Wilhelmina Acrel was a cinema owner who was also the first female film company director and female film producer in Sweden.
Wilhelmina Acrel was born Wilhelmina Sofia Larsson in Ramdala, Blekinge in 1889. She was the daughter of Lars Andersson, an agriculturalist, and Emelie, née Karlsdotter. Wilhelmina Acrel was married to Stig Arne (Ane) Acrel from 1921 until 1943. Their marriage was childless.
Wilhelmina Acrel’s professional efforts as a film company director and a film producer form part of the unwritten history of Swedish film. Her route into film-making was not, however, an obvious one. She had settled and was working in Visby, as a shop assistant. She had also studied at a technical institute. In 1911 Wilhelmina Acrel moved to Stockholm where she attended a female teacher-training programme for a couple of semesters. She soon abandoned the teaching sphere in favour of joining the business world. In 1912 she gained a job as a cashier at Bostock cinema, which she eventually purchased. In 1916 Wilhelmina Acrel acquired Skånebiografen which was then renamed Söderkvarn. She later relinquished the latter due to illness, whereas she remained actively engaged with Bostock cinema until the 1950s.
She joined Sveriges Biografägareförbund (Swedish cinema owners’ federation), serving as the organisation’s treasurer. She also managed the federation’s distribution activities. When Aktiebolaget Sveriges Biografägares Distributionsbyrå (SBD) (Swedish cinema owners’ distribution agency limited company) was founded in 1929 Wilhelmina Acrel held the absolute majority of the shares. She formed the board on which her husband Ane Acrel served as deputy member.
Wilhelmina Acrel’s company had absolutely nothing to do with Sveriges Biografägareförbund, despite the very similar name of the limited company. This similarity was highlighted by Sveriges Biografägareförbund, who believed there was scope for confusion. Indeed, when SBD applied for lottery funding in support of the production of a so-called 1938 ‘royal film’, a celebratory piece entitled Med folket för fosterlandet, the feared mix-up occurred. The fact that no cinema owners were involved in Wilhelmina Acrel’s company – formerly a rental firm for cinema-owners, transferred into private hands in 1929 – was noted with irritation in the Biografägaren trade journal. Sveriges Biografägareförbund felt that Acrel’s company should have changed its name.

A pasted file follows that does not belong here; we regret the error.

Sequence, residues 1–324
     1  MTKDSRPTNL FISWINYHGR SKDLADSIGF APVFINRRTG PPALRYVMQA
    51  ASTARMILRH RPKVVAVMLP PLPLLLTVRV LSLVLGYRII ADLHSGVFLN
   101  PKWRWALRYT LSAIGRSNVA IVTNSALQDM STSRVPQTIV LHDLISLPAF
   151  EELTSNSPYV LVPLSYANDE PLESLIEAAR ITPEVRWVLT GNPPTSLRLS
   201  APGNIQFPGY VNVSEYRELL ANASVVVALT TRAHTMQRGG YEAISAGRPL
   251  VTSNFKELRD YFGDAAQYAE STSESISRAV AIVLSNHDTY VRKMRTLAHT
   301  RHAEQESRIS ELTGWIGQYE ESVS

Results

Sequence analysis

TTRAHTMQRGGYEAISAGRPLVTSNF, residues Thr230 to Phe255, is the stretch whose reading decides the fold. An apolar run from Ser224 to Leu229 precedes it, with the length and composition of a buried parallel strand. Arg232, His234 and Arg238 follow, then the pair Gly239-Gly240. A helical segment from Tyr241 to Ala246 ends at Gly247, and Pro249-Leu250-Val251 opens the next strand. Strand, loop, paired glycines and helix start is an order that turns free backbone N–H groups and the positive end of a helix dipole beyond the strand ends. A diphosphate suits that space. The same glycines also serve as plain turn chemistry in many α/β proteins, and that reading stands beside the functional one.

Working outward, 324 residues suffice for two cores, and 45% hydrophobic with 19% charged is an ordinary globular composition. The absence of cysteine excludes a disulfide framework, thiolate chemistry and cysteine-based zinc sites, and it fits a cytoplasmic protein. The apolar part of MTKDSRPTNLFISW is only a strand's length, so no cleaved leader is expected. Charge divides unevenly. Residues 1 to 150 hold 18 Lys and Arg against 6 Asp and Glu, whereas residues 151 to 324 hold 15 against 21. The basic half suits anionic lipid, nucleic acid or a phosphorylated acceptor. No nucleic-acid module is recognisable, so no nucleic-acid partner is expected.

The same year that SBD raised their shares capital, in 1933, the company also produced their first film, a smuggling drama called Kärlek och dynamit. It was a minor success. In 1935 the company released Ocean Breakers, which was one Ingrid Bergman’s earliest films. That same year the AB Suecia company was established, in which Wilhelmina Acrel held a third of the shares and once again formed the board. That company only produced one film, namely Grabbarna i 57:an in 1935, a moralising story typical of its time that was directed by Ivar Johansson. Stylistically the film is one of the more interesting films from the 1930s. By dint of the grey-tone surroundings portrayed in the film, it is strongly associated with the German “Zillerealism” and it can even be seen as a forerunner to the so-called school of neorealism. AB Suecia was declared bankrupt in 1951, at which time Wilhelmina Acrel alone was in charge.
SBD produced another couple of films, namely the two comedies Fröken blir piga from 1936 and Mamma gifter sig from 1937, before setting out on their biggest and most ambitious project which led to the company’s demise. This was the aforenoted Med folket för fosterlandet, produced for the royal jubilee in 1938 and based on the Erik Lindorm chronicles. It was a major gamble to be a film producer without funding for production during the 1930s. The prevailing image of the era as a “Klondike period” in which producers made great profits is not accurate. The number of film companies which folded at this time was extensive, particularly as regards smaller companies. The larger ones, Svensk Filmindustri (SF) and Europa-Film, only survived because they had simultaneously made inroads into studios and cinema chains. It was in the latter that major profits were made.
In order to produce the ‘royal film’ SBD hired in SF’s technological resources but this came at great expense. When SBD was unable to honour its financial obligations SF simply took over the film. SBD had, however, given the film rights to another company, AB Filmdistribution, and so sought to obtain the negatives and copies of the completed film within the terms of the SF contract. SF rejected this. The situation led to a court case and the city magistrates decided in favour of SF. SBD went bankrupt in 1939, thus bringing an end to Wilhelmina Acrel’s journey as a film producer. After this she focused solely on owning cinemas.
Wilhelmina Acrel died in Stockholm in 1975. She is buried at Solna cemetery.